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The Daily Wildcat

The Daily Wildcat


ASUA in the new year: Student government’s plans for 2023

Caitlin Claypool

ASUA, the student government at the University of Arizona, has a meeting on Wednesday, Oct 12. They talked about mandatory meal plans and inequalities on campus.

The Associated Students of the University of Arizona launched the #WhyIRide campaign last semester to rally the community in support of fare-free transit, and on Dec. 20, 2022, the Tucson City Council voted to extend fare-free transit on all Sun Tran services, including the Sun Link streetcar, until June 30, 2023. The extension was not only a win for the University of Arizona community — 70% of streetcar riders are students — but it also demonstrated how effective the UA student government’s advocacy can be.

With the new year in full swing, ASUA has newer, bigger plans ahead, among which include tackling food insecurity on campus, improving accessibility and visibility for clubs and promoting competition during its election season.

Tackling food insecurity on campus: Meal plans and the Supplemental Nutrition Assistance Program

ASUA is fighting against food insecurity on two fronts: meal plans and SNAP benefits.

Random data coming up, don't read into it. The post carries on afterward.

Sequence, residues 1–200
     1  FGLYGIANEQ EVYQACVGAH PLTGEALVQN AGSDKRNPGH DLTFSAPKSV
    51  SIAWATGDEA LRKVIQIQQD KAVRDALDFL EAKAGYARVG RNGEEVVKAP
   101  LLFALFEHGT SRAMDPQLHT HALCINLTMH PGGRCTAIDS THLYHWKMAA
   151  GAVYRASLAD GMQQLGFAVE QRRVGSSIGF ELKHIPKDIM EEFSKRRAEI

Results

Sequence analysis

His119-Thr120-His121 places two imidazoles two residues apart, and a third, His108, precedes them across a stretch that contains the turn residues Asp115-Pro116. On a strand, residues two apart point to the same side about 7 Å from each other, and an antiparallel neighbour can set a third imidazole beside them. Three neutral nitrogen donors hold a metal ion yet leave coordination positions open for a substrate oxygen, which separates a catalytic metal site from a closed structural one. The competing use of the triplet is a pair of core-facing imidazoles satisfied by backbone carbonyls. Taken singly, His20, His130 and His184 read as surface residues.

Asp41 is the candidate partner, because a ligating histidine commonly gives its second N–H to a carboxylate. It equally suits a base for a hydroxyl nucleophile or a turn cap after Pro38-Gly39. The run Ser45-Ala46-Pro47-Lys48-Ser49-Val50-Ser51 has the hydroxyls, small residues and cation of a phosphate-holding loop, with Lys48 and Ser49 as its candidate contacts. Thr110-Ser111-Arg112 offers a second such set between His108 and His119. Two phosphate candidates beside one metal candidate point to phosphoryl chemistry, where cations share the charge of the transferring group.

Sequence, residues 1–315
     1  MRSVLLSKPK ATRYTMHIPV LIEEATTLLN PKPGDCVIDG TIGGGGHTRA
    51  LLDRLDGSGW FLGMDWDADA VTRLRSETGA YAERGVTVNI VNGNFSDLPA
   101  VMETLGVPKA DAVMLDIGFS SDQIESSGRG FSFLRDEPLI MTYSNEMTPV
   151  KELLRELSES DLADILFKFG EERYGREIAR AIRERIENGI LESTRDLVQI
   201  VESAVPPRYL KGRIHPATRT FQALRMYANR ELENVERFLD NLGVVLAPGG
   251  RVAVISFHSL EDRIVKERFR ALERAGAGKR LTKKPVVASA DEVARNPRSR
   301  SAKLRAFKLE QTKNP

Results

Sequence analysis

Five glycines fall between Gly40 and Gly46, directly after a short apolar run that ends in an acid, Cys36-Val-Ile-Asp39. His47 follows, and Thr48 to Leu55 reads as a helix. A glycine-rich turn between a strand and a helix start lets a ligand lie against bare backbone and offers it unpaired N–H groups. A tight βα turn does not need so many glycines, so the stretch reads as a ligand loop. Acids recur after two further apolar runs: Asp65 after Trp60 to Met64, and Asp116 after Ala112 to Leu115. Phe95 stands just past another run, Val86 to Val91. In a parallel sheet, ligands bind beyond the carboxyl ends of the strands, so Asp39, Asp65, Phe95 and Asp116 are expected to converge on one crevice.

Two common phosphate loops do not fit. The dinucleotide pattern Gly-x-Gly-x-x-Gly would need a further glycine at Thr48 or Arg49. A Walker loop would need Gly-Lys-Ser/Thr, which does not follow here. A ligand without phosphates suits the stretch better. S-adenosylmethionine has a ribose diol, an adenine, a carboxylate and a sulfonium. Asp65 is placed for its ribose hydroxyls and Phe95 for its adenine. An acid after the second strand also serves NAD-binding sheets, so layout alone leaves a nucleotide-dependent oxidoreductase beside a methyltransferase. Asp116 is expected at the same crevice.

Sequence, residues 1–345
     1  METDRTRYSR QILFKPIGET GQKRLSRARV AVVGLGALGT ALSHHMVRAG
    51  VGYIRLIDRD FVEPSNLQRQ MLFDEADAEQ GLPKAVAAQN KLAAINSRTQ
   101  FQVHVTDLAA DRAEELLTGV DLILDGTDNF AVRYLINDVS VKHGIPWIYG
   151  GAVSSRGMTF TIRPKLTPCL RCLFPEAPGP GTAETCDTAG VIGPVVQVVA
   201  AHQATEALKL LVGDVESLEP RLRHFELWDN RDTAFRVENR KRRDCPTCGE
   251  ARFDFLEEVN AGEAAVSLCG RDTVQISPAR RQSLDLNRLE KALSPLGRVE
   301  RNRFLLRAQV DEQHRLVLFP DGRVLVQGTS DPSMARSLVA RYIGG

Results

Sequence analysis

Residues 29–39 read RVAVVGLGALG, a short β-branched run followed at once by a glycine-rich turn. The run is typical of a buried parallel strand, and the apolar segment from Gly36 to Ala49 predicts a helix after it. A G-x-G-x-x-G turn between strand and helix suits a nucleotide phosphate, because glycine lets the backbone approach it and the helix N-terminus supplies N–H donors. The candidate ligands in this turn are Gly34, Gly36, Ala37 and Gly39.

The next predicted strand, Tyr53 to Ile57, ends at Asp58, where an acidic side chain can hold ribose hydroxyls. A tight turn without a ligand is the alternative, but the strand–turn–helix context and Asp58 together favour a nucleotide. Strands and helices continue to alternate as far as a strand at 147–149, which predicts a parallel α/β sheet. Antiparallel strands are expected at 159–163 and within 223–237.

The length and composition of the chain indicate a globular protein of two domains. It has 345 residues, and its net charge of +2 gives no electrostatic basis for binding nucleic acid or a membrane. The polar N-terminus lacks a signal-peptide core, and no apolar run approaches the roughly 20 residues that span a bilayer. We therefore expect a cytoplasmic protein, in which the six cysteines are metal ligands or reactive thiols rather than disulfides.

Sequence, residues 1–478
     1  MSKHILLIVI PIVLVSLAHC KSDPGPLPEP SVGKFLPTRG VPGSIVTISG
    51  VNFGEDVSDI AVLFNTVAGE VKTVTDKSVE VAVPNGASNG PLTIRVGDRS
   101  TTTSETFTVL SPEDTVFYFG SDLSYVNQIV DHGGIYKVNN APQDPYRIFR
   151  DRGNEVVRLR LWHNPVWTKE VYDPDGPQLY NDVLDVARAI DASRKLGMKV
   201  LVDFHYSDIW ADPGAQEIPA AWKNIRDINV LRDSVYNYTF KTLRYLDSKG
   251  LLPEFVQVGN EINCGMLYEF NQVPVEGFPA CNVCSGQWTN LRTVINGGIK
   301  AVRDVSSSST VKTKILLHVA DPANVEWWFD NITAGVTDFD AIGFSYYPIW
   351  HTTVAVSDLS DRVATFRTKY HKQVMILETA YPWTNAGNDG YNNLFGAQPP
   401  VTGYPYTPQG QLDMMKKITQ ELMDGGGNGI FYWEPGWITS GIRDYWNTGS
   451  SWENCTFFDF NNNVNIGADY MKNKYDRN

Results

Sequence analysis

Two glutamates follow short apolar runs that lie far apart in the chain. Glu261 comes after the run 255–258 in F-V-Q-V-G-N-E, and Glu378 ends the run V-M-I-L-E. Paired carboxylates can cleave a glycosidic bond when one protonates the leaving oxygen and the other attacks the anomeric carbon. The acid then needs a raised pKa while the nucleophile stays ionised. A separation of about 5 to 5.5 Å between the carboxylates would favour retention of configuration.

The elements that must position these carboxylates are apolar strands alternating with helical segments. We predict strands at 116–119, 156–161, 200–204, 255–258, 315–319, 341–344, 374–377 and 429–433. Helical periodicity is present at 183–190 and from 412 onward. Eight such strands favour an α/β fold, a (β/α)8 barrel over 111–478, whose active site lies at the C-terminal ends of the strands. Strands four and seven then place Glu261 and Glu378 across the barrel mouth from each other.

Since fall 2021, ASUA has been working with Arizona Student Unions to make upcoming changes to the university’s meal plan program more inclusive for all students. 

The university received backlash in 2021 when it announced that it would mandate meal plans for all freshmen living in university residence halls. It previously intended to implement the change in the fall 2022 semester but decided to push it back to 2023 after receiving feedback from students.

Jack Haskins, ASUA senator for the College of Fine Arts, is on a committee with representatives from Student Unions and other members of the university community. Haskins said that right now, the committee is discussing the payment structure for meal plans (like whether it should be paid monthly or by semester) and which student groups should be exempt from the mandate.

“The point of this, Student Unions would tell you, is to combat food insecurity on campus,” Haskins said.

The argument in favor of mandatory meal plans is that it discourages students from skipping meals. Freshmen will have access to dining options that are close to where they live and study, and since most freshmen will have a meal plan, they can dine together.